War of the Roses at Warwick Castle, England
War of the Roses at Warwick Castle

Apart from being a superlative example of medieval architecture (it was even painted in 1752 by the Italian master Canaletto -better known for views of his hometown, Venice), it’s home to the second largest collection of armour in England, the largest being located in the Tower of London. Despite being more tourist attraction than working castle these days, it still retains that magical air of history that supersedes all the busloads of tourist, and for that reason, pick your visit carefully.

Canterbury Cathedral

Location: Canterbury, UK

Arguably one of Europe’s most famous Cathedrals (the Archbishop of Canterbury is the most important religious leader in the UK) Canterbury Cathedral is a working building so please plan your timings respectfully. There has been a religious structure on the site since 597, 500 odd years later it was rebuilt in stone and shortly after this it became well-known throughout Europe, and a place of pilgrimage following the murder in 1170 of the then Archbishop, Thomas Beckett.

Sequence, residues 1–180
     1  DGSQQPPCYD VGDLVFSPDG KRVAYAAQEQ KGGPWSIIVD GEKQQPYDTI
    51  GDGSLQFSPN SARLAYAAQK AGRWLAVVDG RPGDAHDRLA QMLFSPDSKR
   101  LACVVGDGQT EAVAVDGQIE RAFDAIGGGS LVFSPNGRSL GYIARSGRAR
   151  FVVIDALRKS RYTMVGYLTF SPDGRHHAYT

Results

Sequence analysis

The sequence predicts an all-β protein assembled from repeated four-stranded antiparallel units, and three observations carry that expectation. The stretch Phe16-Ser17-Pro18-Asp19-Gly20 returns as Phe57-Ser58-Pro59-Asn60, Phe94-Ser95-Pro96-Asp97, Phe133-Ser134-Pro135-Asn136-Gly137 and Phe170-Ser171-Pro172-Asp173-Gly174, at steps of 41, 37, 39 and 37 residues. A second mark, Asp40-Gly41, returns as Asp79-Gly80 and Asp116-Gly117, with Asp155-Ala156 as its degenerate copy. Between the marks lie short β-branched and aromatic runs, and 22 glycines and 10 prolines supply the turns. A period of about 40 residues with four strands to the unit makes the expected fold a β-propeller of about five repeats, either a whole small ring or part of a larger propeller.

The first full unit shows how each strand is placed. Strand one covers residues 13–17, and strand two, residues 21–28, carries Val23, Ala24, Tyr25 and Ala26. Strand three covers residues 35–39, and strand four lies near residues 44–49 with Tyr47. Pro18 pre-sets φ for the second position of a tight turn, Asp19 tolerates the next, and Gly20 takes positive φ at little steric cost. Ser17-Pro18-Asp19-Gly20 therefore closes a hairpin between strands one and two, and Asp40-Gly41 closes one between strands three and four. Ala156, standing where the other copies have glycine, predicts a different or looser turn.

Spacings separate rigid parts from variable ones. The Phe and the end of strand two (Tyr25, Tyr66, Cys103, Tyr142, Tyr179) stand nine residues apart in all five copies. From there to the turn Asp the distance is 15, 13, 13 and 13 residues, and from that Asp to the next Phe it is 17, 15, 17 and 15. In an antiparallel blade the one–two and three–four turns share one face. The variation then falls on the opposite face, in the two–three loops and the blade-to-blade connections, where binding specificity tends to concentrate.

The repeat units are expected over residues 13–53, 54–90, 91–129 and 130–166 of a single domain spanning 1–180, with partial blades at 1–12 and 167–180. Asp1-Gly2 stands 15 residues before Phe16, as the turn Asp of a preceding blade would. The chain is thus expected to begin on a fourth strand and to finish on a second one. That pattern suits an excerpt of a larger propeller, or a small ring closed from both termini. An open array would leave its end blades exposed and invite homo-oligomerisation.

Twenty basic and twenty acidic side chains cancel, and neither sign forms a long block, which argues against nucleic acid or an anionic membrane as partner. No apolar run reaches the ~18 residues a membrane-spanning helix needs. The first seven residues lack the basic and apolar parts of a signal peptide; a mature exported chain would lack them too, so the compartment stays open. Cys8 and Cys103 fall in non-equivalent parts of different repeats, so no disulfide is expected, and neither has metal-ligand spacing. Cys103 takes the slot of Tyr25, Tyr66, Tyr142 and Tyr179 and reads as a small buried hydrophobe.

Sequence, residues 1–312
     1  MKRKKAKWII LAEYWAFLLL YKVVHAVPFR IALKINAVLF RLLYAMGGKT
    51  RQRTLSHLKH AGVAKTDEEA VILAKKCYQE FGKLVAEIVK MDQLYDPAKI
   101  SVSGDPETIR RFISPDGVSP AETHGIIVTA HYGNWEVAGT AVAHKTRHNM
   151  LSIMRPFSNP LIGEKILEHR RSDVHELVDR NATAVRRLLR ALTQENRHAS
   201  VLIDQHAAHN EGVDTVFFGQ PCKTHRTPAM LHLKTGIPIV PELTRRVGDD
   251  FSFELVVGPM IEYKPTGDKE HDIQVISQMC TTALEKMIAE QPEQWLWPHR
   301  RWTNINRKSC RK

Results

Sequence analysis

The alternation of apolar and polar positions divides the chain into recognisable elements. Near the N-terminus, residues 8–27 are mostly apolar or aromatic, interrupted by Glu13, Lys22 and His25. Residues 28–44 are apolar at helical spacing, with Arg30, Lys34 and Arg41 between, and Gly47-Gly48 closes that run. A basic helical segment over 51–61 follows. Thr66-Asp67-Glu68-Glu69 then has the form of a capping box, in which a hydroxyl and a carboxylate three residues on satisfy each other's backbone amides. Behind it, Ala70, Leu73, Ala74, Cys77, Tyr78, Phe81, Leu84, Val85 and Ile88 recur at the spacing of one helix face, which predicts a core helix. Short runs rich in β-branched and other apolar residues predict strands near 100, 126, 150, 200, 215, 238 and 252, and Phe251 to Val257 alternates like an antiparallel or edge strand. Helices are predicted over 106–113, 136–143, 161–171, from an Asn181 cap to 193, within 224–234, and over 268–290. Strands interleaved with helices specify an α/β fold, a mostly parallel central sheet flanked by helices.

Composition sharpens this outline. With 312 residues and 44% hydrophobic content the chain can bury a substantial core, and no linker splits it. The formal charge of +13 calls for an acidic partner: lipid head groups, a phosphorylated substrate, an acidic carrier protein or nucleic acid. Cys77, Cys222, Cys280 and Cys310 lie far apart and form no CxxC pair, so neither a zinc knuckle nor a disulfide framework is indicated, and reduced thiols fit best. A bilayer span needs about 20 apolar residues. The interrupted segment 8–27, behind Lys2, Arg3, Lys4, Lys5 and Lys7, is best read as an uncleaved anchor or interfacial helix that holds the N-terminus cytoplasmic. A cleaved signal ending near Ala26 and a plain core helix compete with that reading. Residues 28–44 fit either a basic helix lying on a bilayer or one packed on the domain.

The Cloisters in Canterbury Cathedral
The Cloisters in Canterbury Cathedral

The building itself is typical of the large-scale Gothic cathedrals being built in parts of Europe during the 12th century and even though it may not have the aesthetic dynamism of, say, York Minster, it’s undeniably beautiful. What is does have, and what makes it exceptional, is its historical significance. The murder of Thomas Beckett, an act that took place within its hallowed walls, attracted pilgrims which not only made the city wealthy it also changed literature forever after inspiring Chaucer to write The Canterbury Tales.


The Royal Borough of Greenwich

Location: Greenwich, London, UK